Incorporates mixed-effects modeling techniques for more powerful and efficient methods This book presents current and effective nonparametric regression techniques for longitudinal data analysis and systematically investigates the incorporation of mixed-effects modeling techniques into various nonparametric regression models. The authors emphasize modeling ideas and inference methodologies, although some theoretical results for the justification of the proposed methods are presented. With its logical structure and organization, beginning with basic principles, the text develops the foundation needed to master advanced principles and applications. Following a brief overview, data examples from biomedical research studies are presented and point to the need for nonparametric regression analysis approaches. Next, the authors review mixed-effects models and nonparametric regression models, which are the two key building blocks of the proposed modeling techniques. The core section of the book consists of four chapters dedicated to the major nonparametric regression methods: local polynomial, regression spline, smoothing spline, and penalized spline. The next two chapters extend these modeling techniques to semiparametric and time varying coefficient models for longitudinal data analysis. The final chapter examines discrete longitudinal data modeling and analysis. Each chapter concludes with a summary that highlights key points and also provides bibliographic notes that point to additional sources for further study. Examples of data analysis from biomedical research are used to illustrate the methodologies contained throughout the book. Technical proofs are presented in separate appendices. With its focus on solving problems, this is an excellent textbook for upper-level undergraduate and graduate courses in longitudinal data analysis. It is also recommended as a reference for biostatisticians and other theoretical and applied research statisticians with an interest in longitudinal data analysis. Not only do readers gain an understanding of the principles of various nonparametric regression methods, but they also gain a practical understanding of how to use the methods to tackle real-world problems.
Since their introduction in 1972, generalized linear models (GLMs) have proven useful in the generalization of classical normal models. Presenting methods for fitting GLMs with random effects to data, Generalized Linear Models with Random Effects: Unified Analysis via H-likelihood explores a wide range of applications, including combining information over trials (meta-analysis), analysis of frailty models for survival data, genetic epidemiology, and analysis of spatial and temporal models with correlated errors. Written by pioneering authorities in the field, this reference provides an introduction to various theories and examines likelihood inference and GLMs. The authors show how to extend the class of GLMs while retaining as much simplicity as possible. By maximizing and deriving other quantities from h-likelihood, they also demonstrate how to use a single algorithm for all members of the class, resulting in a faster algorithm as compared to existing alternatives. Complementing theory with examples, many of which can be run by using the code supplied on the accompanying CD, this book is beneficial to statisticians and researchers involved in the above applications as well as quality-improvement experiments and missing-data analysis.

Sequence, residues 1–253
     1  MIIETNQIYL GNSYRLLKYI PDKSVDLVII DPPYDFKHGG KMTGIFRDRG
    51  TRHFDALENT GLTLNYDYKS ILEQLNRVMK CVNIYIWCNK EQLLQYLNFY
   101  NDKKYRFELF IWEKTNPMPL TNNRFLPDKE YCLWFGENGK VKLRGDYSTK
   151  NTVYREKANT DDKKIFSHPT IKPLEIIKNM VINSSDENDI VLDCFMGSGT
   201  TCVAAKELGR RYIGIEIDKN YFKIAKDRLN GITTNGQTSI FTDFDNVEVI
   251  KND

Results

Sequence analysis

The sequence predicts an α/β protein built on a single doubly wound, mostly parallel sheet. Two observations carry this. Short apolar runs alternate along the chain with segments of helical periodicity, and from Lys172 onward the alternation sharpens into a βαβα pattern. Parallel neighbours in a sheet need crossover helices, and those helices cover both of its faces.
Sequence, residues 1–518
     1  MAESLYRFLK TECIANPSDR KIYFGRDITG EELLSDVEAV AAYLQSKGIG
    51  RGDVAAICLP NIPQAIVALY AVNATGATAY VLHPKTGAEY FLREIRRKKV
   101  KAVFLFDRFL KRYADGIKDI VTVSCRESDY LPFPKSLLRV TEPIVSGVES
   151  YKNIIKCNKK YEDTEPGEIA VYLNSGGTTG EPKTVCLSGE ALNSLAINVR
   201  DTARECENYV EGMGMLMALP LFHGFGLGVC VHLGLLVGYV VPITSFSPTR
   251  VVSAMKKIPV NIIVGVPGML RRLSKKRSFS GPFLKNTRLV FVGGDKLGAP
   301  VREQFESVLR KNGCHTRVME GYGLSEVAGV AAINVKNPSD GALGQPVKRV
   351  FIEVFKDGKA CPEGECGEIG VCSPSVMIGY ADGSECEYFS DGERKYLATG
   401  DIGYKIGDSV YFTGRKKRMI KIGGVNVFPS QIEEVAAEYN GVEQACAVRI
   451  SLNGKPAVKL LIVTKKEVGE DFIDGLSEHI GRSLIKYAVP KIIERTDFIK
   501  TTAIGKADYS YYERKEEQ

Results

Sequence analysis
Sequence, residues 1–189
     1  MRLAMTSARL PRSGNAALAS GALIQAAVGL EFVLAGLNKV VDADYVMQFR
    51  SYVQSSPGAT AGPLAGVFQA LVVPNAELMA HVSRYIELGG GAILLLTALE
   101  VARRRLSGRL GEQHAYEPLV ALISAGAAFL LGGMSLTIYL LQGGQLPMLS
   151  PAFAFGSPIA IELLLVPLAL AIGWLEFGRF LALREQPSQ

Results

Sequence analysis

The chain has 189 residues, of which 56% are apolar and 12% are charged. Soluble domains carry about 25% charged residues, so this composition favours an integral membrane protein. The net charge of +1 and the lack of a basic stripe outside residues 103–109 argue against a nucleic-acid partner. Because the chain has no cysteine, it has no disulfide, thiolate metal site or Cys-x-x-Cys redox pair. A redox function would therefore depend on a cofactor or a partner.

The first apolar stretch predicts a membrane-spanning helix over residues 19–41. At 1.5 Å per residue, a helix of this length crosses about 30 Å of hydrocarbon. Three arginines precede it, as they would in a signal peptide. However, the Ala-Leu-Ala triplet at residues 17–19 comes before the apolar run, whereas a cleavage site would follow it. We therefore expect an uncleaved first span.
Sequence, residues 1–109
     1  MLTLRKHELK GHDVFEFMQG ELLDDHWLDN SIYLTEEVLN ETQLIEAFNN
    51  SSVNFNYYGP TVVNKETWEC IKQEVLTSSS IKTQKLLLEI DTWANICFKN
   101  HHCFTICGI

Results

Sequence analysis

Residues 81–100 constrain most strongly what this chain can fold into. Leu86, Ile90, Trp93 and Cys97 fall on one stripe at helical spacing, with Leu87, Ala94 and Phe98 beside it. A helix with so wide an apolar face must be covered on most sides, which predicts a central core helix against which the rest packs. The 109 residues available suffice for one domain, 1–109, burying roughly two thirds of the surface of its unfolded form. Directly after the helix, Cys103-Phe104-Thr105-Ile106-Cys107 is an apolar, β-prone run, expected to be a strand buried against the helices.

Diese f?r Studierende ebenso wie f?r Wissenschaftler, Ingenieure und Praktiker geeignete Einf?hrung in mathematische Modellbildung und Simulation setzt nur einfache Grundkenntnisse in Analysis und linearer Algebra voraus - alle weiteren Konzepte werden im Buch entwickelt. Die Leserinnen und Leser lernen anhand detailliert besprochener Beispiele aus unterschiedlichsten Bereichen (Biologie, ?kologie, ?konomie, Medizin, Landwirtschaft, Chemie, Maschinenbau, Elektrotechnik, Prozesstechnik usw.), sich kritisch mit mathematischen Modellen auseinanderzusetzen und anspruchsvolle mathematische Modelle selbst zu formulieren und zu implementieren. Das Themenspektrum reicht von statistischen Modellen bis zur Mehrphasen-Str?mungsdynamik in 3D. F?r alle im Buch besprochenen Modellklassen wird kostenlose Open-Source-Software zur Verf?gung gestellt. Grundlage ist das eigens f?r dieses Buch entwickelte Betriebssystem Gm.Linux ("Geisenheim-Linux"), das ohne Installationsaufwand z.B. auch auf Windows-Rechnern l?uft. Ein Referenzkartensystem zu Gm.Linux mit einfachen Schritt-f?r-Schritt-Anleitungen erm?glicht es, auch komplexe statistische Berechnungen oder 3D-Str?mungssimulationen in kurzer Zeit zu realisieren. Alle im Buch beschriebenen Verfahren beziehen sich auf Gm.Linux 2.0 (und die darin fixierten Versionen aller Anwendungsprogramme) und sind daher unabh?ngig von Softwareaktualisierungen langfristig verwendbar.